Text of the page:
Irish Peter and I teach at the same monastery (Sangye Goling Gompa) at the same times.  I start out earlier than peter because I like to stroll while Peter strides.  He is tall and lanky (built like my son, Dan and younger than him).  We walk back to the hotel together and discuss our classes, what worked, what didn’t and what was hilariously funny that day.

 

The monklettes all have colds and barking coughs (change of season from dry to wet) so Irish Peter and Boston Mike both got colds.  I haven’t and the only reason I can give is that I use a hand sanitizer at least 6 to 10 times during every class and keep my hands off my face. 

 

 My first class is 6 to 9 year olds.  Soooo cute in their little monk robes. They see me coming and hoop and holler “Good morning, namaste” and run into the classroom, set up my chair and tiny table, turn on the ceiling fan (bless them!) and sit cross-legged on the floor in anticipation. Anywhere from 16 to 26 can be in the class.  Completely uncontrollable!  When finished an exercise in their scribblers, they yell ‘finished!’ and swarm me trying to get their book into my hands first to get the much coveted drawing of a star from teacher. All the while hollering ‘Lynn, Lynn, Lynn!’ until I take their book.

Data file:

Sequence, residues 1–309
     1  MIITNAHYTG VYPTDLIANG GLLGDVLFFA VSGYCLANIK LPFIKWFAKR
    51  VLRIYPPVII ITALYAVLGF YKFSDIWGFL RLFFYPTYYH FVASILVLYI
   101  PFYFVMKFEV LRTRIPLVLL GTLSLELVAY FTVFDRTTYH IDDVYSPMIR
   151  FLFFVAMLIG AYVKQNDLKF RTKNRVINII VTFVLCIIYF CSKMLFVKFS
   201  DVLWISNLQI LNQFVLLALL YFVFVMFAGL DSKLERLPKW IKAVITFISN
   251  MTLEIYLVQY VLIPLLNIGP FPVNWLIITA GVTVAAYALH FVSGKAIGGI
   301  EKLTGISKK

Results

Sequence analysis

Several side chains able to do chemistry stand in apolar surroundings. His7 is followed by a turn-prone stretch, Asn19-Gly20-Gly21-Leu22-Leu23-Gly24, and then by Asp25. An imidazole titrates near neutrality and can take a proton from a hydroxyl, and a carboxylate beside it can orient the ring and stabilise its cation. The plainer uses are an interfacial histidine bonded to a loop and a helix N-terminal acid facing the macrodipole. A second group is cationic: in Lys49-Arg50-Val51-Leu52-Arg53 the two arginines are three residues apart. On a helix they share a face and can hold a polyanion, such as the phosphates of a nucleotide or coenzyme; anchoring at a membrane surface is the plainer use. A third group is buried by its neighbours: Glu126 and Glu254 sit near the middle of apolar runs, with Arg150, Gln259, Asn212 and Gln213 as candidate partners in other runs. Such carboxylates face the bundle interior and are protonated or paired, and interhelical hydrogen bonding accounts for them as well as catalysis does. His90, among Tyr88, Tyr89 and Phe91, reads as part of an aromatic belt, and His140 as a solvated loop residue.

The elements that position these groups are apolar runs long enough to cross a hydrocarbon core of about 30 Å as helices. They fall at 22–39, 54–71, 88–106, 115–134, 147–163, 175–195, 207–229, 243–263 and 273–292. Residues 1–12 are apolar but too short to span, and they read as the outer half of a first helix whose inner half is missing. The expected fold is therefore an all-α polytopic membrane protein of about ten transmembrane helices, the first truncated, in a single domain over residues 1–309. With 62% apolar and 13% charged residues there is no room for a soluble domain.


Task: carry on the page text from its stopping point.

After that class and two aspirin, I make my way to an older class of 15, 16, 17 year olds and the change is like rain to sun.  Don’t get me wrong, I love the wee ones. Again, someone runs and gets the board eraser wet, cleans off the board, another dries it and we are off. This class is ready for very basic grammar and is anywhere from 12 to 30+ on any given day.

 

 

There is one thing that makes teaching monks a bit different.  They learn all their Buddhist teachings and prayers by repetition memorization.  Thinking for themselves is a foreign concept and sometimes feels like giving birth, just to get a conceptualized answer or response! But we are getting there what with my antics, funny faces and cajoling. They are a great group too.

 

School aside, I think I’ll share with you some of the things I would never get used to if I lived here until I am a hundred.